However, I question whether this bond represents the highest and best use of our tax dollars, when there are so many competing needs. There is a better way. 

    I am talking about robust and diverse funding models which have been adopted nationwide to build and operate state-of-the-art facilities. An entrepreneurial, business-minded approach to generating revenues. Strong engagement with the private sector. Philanthropy from private citizens, businesses and charitable foundations.

    Consider the city of Hobbs, which spent four years to “stand together and redefine the term ‘public-private partnership’ where six public and private institutions came together to collaborate on a true center of recreational excellence.” The CORE is set to open in the spring of 2018.

  • Tunnel with nuclear waste collapses in Washington state

    SPOKANE, Wash. (AP) — A portion of an underground tunnel containing rail cars full of radioactive waste collapsed Tuesday at a sprawling storage facility in a remote area of Washington state, forcing an evacuation of some workers at the site that made plutonium for nuclear weapons for decades after World War II.
    Officials detected no release of radiation at the Hanford Nuclear Reservation and no workers were injured, said Randy Bradbury, a spokesman for the Washington state Department of Ecology.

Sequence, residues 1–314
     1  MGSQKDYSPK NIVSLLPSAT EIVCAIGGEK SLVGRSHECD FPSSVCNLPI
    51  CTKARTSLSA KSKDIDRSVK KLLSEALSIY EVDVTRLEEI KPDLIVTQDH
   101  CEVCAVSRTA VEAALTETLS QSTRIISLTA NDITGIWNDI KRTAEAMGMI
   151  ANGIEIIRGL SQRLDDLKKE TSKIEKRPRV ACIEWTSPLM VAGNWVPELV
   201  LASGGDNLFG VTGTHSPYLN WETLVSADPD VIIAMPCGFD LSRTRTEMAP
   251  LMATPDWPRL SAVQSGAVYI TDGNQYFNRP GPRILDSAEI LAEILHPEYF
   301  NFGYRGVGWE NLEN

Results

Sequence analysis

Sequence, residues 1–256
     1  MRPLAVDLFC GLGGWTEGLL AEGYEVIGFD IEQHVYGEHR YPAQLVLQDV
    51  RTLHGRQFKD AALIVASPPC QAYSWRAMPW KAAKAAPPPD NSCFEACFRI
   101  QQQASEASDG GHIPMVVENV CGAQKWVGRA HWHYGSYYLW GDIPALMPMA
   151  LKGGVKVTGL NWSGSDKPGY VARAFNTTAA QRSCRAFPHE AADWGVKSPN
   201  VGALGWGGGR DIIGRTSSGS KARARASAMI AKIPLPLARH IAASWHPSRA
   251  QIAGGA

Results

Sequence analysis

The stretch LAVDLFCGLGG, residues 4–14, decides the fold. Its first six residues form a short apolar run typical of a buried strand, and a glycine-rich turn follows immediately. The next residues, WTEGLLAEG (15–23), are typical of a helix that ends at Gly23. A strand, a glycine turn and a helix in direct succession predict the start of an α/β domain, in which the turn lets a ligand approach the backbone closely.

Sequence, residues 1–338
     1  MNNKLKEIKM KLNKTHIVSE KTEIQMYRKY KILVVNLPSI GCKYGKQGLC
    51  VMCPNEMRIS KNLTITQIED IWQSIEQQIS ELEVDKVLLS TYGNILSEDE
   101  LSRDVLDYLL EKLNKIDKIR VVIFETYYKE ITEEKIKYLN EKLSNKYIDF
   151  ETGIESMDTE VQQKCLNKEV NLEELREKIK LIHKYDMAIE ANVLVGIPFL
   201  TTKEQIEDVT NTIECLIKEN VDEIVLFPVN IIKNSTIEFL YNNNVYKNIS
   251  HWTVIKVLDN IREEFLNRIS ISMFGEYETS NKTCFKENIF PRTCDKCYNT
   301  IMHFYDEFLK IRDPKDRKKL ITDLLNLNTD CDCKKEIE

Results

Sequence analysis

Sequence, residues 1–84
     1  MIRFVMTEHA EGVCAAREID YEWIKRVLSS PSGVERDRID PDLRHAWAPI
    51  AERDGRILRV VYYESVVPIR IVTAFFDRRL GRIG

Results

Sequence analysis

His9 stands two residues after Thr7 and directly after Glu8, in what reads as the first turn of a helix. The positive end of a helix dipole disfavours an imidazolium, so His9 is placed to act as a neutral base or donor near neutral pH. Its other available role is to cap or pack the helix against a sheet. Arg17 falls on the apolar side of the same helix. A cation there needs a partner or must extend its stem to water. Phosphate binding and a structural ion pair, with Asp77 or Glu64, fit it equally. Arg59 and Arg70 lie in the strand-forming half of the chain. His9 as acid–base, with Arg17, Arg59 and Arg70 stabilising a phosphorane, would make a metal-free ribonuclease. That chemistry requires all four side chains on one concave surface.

No workers were inside the tunnel when it collapsed, causing soil on the surface above to sink two to four feet (half to 1.2 meters) over a 400 square foot (37.1 square meters) area, officials said.
    The tunnels are hundreds of feet long, with about eight feet (2.4 meters) of soil covering them, the U.S. Department of Energy said.
    The cause of the collapse was not immediately known. It  was discovered during a routine inspection and occurred during a massive cleanup that has been under way since the 1980s and costs more than $2 billion a year. The work is expected to take until 2060 and cost more than $100 billion.

  • Police respond to medical call at DMV

     Los Alamos Police Department officers responded to a medical emergency at about 4 p.m. Monday at the Los Alamos Department of Motor Vehicles parking lot on Central Avenue. The person was pronounced dead at the scene. Police withheld details of the deceased person's age or gender out of respect for the person's family. "It was just a sad, unfortunate situation," Police Spokesman Cmdr. Preston Ballew said.

  • Today in history 5-8-17
  • Charges dismissed against man accused of stealing mom's posolé

    ALBUQUERQUE (AP) — A New Mexico man arrested for breaking into his mom's house to steal her traditional New Mexican stew won't face charges after all.
    Last week, a state district judge dismissed charges against Jonathan Carlos Ray, who was charged in 2015 for the theft of his mother's posolé. The judge says the only witnesses to the alleged crime were Ray and his mother.
    Police say Ray was arrested after he ignored his mother's orders to stay away from her posolé and ran off with the holiday dish.
    According to a criminal complaint, Ray sent his mom a text message saying he wanted some of her posolé. She told him no.
    The complaint says the mother later found her gate and garage broken and a pot of the posole missing.
    Posolé, a hominy, is a traditional soup or stew made with pork or chicken popular in Mexico and the American Southwest.